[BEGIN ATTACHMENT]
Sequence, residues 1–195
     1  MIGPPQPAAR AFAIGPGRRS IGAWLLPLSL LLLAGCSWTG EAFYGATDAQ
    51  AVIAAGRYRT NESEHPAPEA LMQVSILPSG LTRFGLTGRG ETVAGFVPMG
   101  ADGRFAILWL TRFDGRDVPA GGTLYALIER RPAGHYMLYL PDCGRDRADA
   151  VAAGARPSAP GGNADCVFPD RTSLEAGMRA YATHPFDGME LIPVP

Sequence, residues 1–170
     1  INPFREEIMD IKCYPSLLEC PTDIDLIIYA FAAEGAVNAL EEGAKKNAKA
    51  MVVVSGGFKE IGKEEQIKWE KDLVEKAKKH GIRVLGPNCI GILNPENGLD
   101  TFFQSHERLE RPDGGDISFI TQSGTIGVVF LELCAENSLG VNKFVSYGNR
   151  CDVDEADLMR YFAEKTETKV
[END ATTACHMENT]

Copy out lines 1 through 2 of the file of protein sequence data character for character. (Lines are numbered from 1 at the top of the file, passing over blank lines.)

Sequence, residues 1–195
     1  MIGPPQPAAR AFAIGPGRRS IGAWLLPLSL LLLAGCSWTG EAFYGATDAQ